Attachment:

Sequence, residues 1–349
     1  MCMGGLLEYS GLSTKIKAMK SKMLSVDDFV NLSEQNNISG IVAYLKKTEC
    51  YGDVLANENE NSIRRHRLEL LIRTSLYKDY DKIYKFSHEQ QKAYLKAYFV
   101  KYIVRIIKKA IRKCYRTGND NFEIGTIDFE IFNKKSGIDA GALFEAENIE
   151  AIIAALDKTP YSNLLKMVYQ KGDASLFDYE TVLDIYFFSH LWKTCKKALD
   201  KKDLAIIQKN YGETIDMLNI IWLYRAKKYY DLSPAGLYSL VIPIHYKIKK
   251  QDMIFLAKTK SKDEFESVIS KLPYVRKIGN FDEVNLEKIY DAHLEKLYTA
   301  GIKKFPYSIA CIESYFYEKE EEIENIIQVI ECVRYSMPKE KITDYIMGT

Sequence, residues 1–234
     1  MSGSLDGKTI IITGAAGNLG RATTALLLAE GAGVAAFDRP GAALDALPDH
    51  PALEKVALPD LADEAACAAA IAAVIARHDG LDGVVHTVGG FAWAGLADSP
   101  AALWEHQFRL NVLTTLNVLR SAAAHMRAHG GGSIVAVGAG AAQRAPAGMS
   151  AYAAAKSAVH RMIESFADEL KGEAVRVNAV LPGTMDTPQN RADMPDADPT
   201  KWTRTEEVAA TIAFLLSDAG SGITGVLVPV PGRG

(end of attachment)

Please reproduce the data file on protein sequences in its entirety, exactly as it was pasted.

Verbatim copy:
Sequence, residues 1–349
     1  MCMGGLLEYS GLSTKIKAMK SKMLSVDDFV NLSEQNNISG IVAYLKKTEC
    51  YGDVLANENE NSIRRHRLEL LIRTSLYKDY DKIYKFSHEQ QKAYLKAYFV
   101  KYIVRIIKKA IRKCYRTGND NFEIGTIDFE IFNKKSGIDA GALFEAENIE
   151  AIIAALDKTP YSNLLKMVYQ KGDASLFDYE TVLDIYFFSH LWKTCKKALD
   201  KKDLAIIQKN YGETIDMLNI IWLYRAKKYY DLSPAGLYSL VIPIHYKIKK
   251  QDMIFLAKTK SKDEFESVIS KLPYVRKIGN FDEVNLEKIY DAHLEKLYTA
   301  GIKKFPYSIA CIESYFYEKE EEIENIIQVI ECVRYSMPKE KITDYIMGT

Sequence, residues 1–234
     1  MSGSLDGKTI IITGAAGNLG RATTALLLAE GAGVAAFDRP GAALDALPDH
    51  PALEKVALPD LADEAACAAA IAAVIARHDG LDGVVHTVGG FAWAGLADSP
   101  AALWEHQFRL NVLTTLNVLR SAAAHMRAHG GGSIVAVGAG AAQRAPAGMS
   151  AYAAAKSAVH RMIESFADEL KGEAVRVNAV LPGTMDTPQN RADMPDADPT
   201  KWTRTEEVAA TIAFLLSDAG SGITGVLVPV PGRG